Lecture: Freedom’s Teacher, the Life of Septima Clark

Freedom's Teacher: the Life of Septima ClarkOut of the archives and into public discourse… For her biography of Civil Rights activist Septima Poinsette Clark, Katherine Mellen Charron drew significantly on the archival holdings of the Avery Research Center.  Please join us on Thursday, February 17 as Charron, assistant professor of history at North Carolina State University, lectures on Freedom’s Teacher: the Life of Septima Clark.

Charron’s work traces Clark’s life from her earliest years as a student, teacher, and community member in rural and urban South Carolina to her increasing radicalization as an activist following World War II, highlighting how Clark brought her life’s work to bear on the Civil Rights Movement.  Charron’s engaging portrait demonstrates Clark’s crucial role — and the role of many black women teachers — in making education a cornerstone of the twentieth-century freedom struggle.

Drawing on autobiographies and memoirs by fellow black educators, state educational records, papers from civil rights organizations, and oral histories, Charron argues that the schoolhouse served as an important institutional base for the movement.  Clark’s program also fostered participation from grassroots southern black women, affording them the opportunity to link their personal concerns to their political involvement on the community’s behalf.  Using Clark’s life as a lens, Charron sheds valuable new light on southern black women’s activism in national, state, and judicial politics, from the Progressive Era to the civil rights movement and beyond.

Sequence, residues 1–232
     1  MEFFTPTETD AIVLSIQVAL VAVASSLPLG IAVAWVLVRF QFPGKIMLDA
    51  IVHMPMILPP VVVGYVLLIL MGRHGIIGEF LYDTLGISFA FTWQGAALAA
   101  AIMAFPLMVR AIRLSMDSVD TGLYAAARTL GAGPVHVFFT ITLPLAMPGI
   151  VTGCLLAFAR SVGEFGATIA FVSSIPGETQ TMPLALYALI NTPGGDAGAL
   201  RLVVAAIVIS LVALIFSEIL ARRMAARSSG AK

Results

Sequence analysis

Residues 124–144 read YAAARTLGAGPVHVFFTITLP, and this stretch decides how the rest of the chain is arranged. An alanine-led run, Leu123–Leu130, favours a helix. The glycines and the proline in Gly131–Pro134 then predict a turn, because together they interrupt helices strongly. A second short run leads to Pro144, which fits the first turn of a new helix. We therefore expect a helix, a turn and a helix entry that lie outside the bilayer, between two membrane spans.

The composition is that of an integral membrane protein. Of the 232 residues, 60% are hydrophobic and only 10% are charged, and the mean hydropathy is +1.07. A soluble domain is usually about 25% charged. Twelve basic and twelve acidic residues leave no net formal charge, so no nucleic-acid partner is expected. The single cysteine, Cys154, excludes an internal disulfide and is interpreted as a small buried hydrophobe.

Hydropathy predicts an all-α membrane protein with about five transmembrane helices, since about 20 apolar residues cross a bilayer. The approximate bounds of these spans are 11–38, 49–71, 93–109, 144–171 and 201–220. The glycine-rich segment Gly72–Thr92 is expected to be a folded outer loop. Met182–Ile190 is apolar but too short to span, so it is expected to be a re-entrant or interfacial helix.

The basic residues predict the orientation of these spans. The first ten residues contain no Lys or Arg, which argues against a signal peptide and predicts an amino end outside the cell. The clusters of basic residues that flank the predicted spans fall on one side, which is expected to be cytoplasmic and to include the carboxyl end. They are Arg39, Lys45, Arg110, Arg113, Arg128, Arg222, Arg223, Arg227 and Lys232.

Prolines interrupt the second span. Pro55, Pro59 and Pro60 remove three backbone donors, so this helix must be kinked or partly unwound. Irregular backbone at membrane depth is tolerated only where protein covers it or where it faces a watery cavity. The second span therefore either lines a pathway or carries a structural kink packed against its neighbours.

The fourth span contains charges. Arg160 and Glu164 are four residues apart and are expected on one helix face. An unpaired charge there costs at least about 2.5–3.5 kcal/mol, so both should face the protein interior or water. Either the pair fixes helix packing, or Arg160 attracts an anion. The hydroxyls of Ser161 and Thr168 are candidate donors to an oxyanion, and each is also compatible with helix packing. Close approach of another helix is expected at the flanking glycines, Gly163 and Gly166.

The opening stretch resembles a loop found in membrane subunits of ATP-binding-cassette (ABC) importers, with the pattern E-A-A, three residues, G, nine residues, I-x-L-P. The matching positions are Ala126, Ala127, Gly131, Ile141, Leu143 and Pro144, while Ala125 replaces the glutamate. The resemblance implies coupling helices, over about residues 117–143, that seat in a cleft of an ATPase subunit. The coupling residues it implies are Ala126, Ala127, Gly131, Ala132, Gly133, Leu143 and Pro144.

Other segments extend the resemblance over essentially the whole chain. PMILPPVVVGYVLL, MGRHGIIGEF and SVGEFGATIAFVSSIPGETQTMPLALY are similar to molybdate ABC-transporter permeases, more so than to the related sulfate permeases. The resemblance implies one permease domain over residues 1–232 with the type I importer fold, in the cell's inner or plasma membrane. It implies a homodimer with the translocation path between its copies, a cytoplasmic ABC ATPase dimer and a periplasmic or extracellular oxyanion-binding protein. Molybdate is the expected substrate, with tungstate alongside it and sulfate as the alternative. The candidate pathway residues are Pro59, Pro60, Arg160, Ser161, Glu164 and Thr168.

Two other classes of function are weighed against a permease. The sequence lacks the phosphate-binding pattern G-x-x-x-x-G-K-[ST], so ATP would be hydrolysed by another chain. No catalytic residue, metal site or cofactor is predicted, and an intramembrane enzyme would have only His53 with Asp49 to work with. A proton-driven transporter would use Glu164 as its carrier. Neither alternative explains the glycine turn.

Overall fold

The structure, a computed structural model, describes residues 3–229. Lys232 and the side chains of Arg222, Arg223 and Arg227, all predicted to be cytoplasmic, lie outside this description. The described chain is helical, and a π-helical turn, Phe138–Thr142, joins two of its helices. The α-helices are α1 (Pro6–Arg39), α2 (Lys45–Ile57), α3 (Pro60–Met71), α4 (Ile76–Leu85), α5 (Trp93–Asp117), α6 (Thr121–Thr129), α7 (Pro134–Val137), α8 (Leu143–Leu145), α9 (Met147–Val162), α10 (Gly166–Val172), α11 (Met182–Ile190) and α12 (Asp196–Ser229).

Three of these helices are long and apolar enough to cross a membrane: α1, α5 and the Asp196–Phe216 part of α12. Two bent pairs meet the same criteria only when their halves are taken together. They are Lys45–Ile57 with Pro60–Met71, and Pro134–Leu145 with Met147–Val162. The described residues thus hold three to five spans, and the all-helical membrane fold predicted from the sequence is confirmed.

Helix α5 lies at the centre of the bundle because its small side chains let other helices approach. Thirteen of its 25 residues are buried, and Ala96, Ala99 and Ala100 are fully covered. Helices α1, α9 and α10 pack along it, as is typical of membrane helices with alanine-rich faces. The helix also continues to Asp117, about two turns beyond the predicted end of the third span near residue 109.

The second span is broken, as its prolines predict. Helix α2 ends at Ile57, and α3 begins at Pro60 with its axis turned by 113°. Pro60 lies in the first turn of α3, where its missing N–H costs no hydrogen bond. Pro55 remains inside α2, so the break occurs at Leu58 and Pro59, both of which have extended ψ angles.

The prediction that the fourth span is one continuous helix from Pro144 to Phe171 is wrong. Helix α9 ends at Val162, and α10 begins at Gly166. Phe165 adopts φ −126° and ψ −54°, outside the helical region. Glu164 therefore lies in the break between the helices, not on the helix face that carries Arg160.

Freedom’s Teacher: The Life of Septima Clark has been awarded the 2010 Julia Cherry Spruill Prize for best monograph on Southern women’s history, from the Southern Association of Women Historians.

Freedom’s Teacher, the Life of Septima Clark
Katherine Mellon Charron
Avery Research Center – McKinley Washington Auditorium
Thursday, February 17, 2011
6pm to 8pm

The Avery Research Center holds the Septima P. Clark Papers, which are accessible to the public during normal Reading Room hours.

Special thanks to CLAW’s Lisa Randle for the lecture announcement.

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